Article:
Cri­sis at PDVSA deep­ens as Carib debts pile up

Kuwait Times - - BUSINESS -


Un­paid debts and bro­ken prom­ises are mak­ing Venezue­lan oil gi­ant PDVSA an out­cast in sev­eral Caribbean coun­tries where it had been a guest of honor. The state-run com­pany’s crum­bling fi­nances are caus­ing op­er­a­tional dis­rup­tions across one of its most es­sen­tial re­gions, ac­cord­ing to in­ter­nal com­pany doc­u­ments, six sources with knowl­edge of its oper­a­tions, and Thom­son Reuters ves­sel-track­ing data.

Busi­ness part­ners in the is­land na­tions of Cu­ra­cao, Bon­aire, Ja­maica and the Ba­hamas are turn­ing away from the firm as debts pile up to tug­boat op­er­a­tors, ship bro­kers, mar­itime agen­cies and ter­mi­nal own­ers, the sources and doc­u­ments show. The com­pany’s prob­lems in­clude blocked load­ing oper­a­tions in the Ba­hamas and threats from the gov­ern­ments of Cu­ra­cao and Ja­maica to re­place PDVSA as a part­ner of re­finer­ies in both places. Many ves­sels are also an­chored off­shore, blocked from dis­charg­ing car­goes at ports be­cause PDVSA has not paid sup­pli­ers and busi­ness part­ners. The mount­ing Caribbean prob­lems are adding to a broader cri­sis for PDVSA, which is al­ready reel­ing from de­clin­ing pro­duc­tion, low crude prices and an un­prece­dented eco­nomic down­turn at home. The com­pany saw op­er­at­ing cash flow plum­met by 63 per­cent, to $2.1 bil­lion, in the first quar­ter com­pared to the same pe­riod a year ear­lier, ac­cord­ing to its most re­cent fi­nan­cial re­port. PDVSA’s Caribbean oper­a­tions rep­re­sent a quar­ter of its global re­fin­ing ca­pac­ity and serve as a load­ing hub for a third of its ex­ports of crude and fuel oil.

“PDVSA has ab­so­lutely lost ground in the Caribbean,” said Lisa Vis­cidi, direc­tor of En­ergy, Cli­mate Change and Ex­trac­tive In­dus­tries at the In­terAmer­i­can Di­a­logue in Wash­ing­ton, not­ing fall­ing oil sales in the re­gion for the past two years. PDVSA did not re­spond to re­peated re­quests for com­ment. In the lat­est mishap, a PDVSA fuel-oil cargo bound for Asia has been trapped in the Caribbean sea for more than a month af­ter a court or­dered the de­ten­tion of the tanker “Hero” in Cu­ra­cao, ac­cord­ing to sources with di­rect knowl­edge of the sit­u­a­tion and Thom­son Reuters ves­sel-track­ing data.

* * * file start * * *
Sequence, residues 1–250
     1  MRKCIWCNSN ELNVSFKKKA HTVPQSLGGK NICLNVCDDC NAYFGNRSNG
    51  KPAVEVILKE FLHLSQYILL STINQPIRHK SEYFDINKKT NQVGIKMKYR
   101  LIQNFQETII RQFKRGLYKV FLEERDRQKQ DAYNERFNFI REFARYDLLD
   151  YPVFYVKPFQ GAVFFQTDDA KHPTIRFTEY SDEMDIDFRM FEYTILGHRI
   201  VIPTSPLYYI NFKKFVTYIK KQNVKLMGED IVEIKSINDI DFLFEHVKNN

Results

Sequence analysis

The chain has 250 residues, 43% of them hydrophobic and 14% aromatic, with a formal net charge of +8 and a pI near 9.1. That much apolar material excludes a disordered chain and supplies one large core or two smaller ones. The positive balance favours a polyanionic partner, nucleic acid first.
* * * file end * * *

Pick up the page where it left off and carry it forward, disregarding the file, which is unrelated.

Cu­ra­cao’s port au­thor­ity barred the ship from leav­ing on Sept. 18 af­ter a unit of Core Lab­o­ra­to­ries won the court or­der to force pay­ment of delin­quent debts, ac­cord­ing to two peo­ple with di­rect knowl­edge of the mat­ter. PDVSA had al­legedly failed to pay the unit, Say­bolt, sev­eral mil­lion dol­lars for months of oil test­ing ser­vices. Mark Elvig, gen­eral coun­sel for Core Lab­o­ra­to­ries, de­clined to com­ment.

Re­ver­sal of For­tune

The prob­lems re­flect a stark re­ver­sal for a com­pany that has been a trusted part­ner of gov­ern­ments in the Caribbean. About a decade ago, Caribbean coun­tries laid out red car­pets for PDVSA ex­ec­u­tives, who came of­fer­ing cheap oil un­der the Petro­caribe pro­gram that left­ist Pres­i­dent Hugo Chavez launched to win al­lies as a bul­wark against Wash­ing­ton. Petro­caribe worked well for years, as poor is­lands curbed the im­pacts of ris­ing global oil prices and Venezuela bartered oil for ev­ery­thing from med­i­cal ser­vices to black beans. PDVSA had used Caribbean fa­cil­i­ties to off­set fre­quent out­ages and in­ci­dents plagu­ing its stor­age, re­fin­ing and port net­works in Venezuela. The re­gion of­fers vast stor­age ca­pac­ity, am­ple re­finer­ies and crude blend­ing fa­cil­i­ties, and deep wa­ter docks to load Very Large Crude Car­ri­ers (VLCC) for trips to Asia. But the re­la­tion­ships of the past are now in­creas­ingly strained as sup­pli­ers and ser­vice providers go un­paid.

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